Q: So things really kicked off when you were five years old? That’s when you officially started your racing career in karting. How did it come to that? What were the discussions with the family at home like? Rashid will start racing at five?
Rashid: It’s a funny thing, because, we were at home after that, and when I came back to my parents at dinner and I said, ‘I want to be a Formula 1 driver’.
They said okay, okay as they didn’t take it seriously, but I said it again the next day and for the next two months, I kept on saying that.
They didn’t believe me, but they were just saying, well, okay. Then finally, I think after a few months, they said, ‘we’ll see’. Then they went on Google, because they had no idea how to start. They went on Google to check how to start racing. And then they found the Karting thing, and it all started when I was five when I started driving. It started small but slowly. Yeah, I kept on getting better and here I am now.
Q: How does that work with your education? You’re still young, you still have to go to school? Were there any conditions that you have to do well at school to keep doing that? How do you balance school and racing?
Rashid: Well, school, most of the time, have been able to, support me. We’ve been able to cooperate well. Almost all the time I’ve been racing in Italy. I’ve always gone back and forth and whenever I was home, I worked an entire day to catch up at school and also worked ahead, as when I left I of course I wouldn’t be able to do as much but when I came back, I caught up so it’s always been a matter of catching up.
Now with COVID, I’ve been on Zoom a lot. And I’ve been doing meetings with the teachers and they’ve helped me out a little bit, so I’ve been doing most of the things with the school sending me stuff and I would like complete it in my spare time.
Q: How is your relationship with your friends? Do you have enough time for them?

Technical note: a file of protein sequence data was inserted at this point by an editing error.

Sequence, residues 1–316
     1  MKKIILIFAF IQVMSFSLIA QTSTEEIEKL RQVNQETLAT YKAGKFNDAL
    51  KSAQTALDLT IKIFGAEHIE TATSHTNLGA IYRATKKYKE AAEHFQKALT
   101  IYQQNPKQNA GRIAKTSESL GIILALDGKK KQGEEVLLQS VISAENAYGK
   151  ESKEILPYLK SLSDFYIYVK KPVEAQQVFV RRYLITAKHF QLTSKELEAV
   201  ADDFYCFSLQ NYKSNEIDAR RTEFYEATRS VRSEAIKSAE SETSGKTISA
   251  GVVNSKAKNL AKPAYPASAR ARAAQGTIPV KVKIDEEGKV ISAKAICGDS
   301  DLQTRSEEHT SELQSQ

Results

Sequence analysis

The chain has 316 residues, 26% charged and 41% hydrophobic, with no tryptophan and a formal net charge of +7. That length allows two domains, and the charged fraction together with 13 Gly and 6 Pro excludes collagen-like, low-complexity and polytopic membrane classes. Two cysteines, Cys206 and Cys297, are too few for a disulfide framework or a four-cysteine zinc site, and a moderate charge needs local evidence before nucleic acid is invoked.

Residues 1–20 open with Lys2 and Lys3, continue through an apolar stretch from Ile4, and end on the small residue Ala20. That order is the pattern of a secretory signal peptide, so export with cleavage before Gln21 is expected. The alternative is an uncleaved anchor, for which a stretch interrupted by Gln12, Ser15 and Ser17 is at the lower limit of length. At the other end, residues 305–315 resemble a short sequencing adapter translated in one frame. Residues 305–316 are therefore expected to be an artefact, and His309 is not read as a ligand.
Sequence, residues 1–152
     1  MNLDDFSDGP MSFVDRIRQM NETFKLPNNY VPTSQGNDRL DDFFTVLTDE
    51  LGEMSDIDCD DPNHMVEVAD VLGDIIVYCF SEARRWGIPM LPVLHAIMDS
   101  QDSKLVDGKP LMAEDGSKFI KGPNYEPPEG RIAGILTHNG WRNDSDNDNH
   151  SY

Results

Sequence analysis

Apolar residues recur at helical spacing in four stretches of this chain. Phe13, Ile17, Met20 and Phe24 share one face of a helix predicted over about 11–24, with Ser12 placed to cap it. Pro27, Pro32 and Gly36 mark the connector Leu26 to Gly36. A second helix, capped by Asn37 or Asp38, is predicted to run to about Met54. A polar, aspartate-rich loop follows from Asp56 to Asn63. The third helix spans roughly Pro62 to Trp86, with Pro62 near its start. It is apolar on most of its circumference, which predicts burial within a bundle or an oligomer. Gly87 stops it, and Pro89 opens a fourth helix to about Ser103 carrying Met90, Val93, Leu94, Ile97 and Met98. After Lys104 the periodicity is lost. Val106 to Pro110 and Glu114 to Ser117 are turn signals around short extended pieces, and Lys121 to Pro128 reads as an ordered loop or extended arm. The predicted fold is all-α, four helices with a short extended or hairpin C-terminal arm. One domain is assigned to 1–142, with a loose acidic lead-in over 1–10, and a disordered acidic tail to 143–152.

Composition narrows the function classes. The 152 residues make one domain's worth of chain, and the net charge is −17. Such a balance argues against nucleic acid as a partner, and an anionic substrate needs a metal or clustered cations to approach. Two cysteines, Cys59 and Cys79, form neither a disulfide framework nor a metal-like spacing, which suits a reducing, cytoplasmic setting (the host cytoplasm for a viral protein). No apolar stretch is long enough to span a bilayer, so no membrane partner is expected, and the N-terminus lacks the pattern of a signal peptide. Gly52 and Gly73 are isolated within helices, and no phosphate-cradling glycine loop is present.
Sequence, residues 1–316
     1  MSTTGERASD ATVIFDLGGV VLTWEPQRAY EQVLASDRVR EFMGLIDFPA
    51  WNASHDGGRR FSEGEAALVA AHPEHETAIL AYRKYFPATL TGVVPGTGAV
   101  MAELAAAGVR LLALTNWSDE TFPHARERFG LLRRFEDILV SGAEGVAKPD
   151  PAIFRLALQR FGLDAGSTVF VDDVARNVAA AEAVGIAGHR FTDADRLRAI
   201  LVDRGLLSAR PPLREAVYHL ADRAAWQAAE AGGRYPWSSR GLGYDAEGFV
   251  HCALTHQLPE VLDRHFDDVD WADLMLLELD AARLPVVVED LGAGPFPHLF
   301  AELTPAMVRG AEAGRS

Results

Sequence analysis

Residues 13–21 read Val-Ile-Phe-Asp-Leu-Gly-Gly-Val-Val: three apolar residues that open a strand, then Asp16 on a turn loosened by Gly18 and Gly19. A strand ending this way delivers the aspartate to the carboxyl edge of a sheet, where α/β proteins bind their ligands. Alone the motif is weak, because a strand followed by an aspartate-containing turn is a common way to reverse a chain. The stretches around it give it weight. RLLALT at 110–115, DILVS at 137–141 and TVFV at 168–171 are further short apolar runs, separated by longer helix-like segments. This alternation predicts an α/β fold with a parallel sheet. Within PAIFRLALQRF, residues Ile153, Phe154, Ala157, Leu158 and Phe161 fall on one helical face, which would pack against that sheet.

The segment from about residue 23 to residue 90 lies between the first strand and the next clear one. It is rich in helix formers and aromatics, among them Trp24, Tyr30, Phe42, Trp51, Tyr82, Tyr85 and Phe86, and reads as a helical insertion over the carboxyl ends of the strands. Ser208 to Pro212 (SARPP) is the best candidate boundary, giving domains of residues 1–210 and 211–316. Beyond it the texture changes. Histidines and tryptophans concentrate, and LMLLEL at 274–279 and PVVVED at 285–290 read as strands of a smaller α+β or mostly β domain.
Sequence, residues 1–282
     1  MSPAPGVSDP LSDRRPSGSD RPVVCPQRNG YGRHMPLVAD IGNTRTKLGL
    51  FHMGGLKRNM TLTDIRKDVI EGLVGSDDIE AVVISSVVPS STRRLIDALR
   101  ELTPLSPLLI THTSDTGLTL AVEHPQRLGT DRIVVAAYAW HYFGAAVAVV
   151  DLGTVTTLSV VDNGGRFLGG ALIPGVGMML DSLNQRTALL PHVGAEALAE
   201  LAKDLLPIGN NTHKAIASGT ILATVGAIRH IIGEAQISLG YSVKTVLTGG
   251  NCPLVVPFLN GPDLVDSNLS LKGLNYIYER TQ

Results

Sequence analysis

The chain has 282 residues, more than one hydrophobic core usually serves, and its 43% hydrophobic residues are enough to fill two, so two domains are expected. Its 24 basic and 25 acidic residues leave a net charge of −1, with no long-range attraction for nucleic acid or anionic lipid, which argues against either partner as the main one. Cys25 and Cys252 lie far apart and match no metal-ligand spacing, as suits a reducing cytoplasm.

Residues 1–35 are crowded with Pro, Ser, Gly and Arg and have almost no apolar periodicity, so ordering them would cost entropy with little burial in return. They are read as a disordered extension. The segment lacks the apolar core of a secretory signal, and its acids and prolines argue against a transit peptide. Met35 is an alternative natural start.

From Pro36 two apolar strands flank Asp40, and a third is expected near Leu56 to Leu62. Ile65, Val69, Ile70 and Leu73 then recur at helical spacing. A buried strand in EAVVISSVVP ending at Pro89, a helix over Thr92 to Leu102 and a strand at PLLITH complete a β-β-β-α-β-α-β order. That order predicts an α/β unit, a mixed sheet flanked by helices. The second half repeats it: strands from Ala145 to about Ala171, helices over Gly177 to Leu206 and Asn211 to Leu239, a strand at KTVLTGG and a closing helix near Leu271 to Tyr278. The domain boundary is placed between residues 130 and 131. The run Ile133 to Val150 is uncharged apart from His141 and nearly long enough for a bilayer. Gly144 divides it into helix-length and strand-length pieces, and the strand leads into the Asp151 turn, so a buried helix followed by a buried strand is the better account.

Rashid: Friends in the school, it’s hard because, you go away and when you come back you see, okay, this guy started playing soccer, this other guy likes reading books. And your reactions would be: ‘What happened?’
At the racetrack, it’s a bit hard to have friends. Because they’re your friends outside, and then you go on the racetrack and you want to win. You want to beat the guy. So it’s, it’s hard to have a good friend.
Q: And do you get any celebrity treatment, being the Karting Champion?
Rashid: I just try to do my best. Some people asked me take photos and I am always happy to. Remember Alonso long ago, who’s been always nice. That has made me become the person I am today. I’m always happy when someone asks me to take a photo with them. And, to help them, well not help them, but to make give them an interest in what we do.
Q: So touching back on your parents. In motor racing, there is risk involved in it. How do you guys deal with it? How did you evaluate the risks? Do they have sleepless nights when you’re racing? How do they deal with that issue?
Rashid: It’s a good question. For my father, he didn’t know much about racing. But now he has gotten a lot of interest in it and knows a lot. Most of the time when I raced in Italy, my parents would stay up during the night watching my races and everything.
The risks? Of course, my mother is not super happy about those risks, but she knows that I love the sport. And even if she tells me: ‘Don’t do it!’ I will still want to race no matter what.
Q: Now you’re doing the OK Junior Category. What’s the next step?
Rashid: Well, Junior is one of the last categories. Next year will be my last year in karting, and we’ll be in the next category, OK, which already has drivers who have been around for a few years in racing Go Karts at a professional level.
Of course, next year will be hard, it will be demanding. And I’ll try to do my best and see what I can do.
Q: When will you make the big step to single-seaters? Formula 4?
Rashid: Well, that would be when I turn 15. So not next year, but the one after and yeah, it will be a super exciting year, finally getting into Formula 4.
Q: Are the preparations ongoing? Do you prepare for that step from now, in terms of sponsorship, logistics?
Rashid: That part is, of course, quite complicated. But I just try to do my best, try to go as fast as possible, try to win and get podiums. And then everything comes together. I think, hopefully, on its own.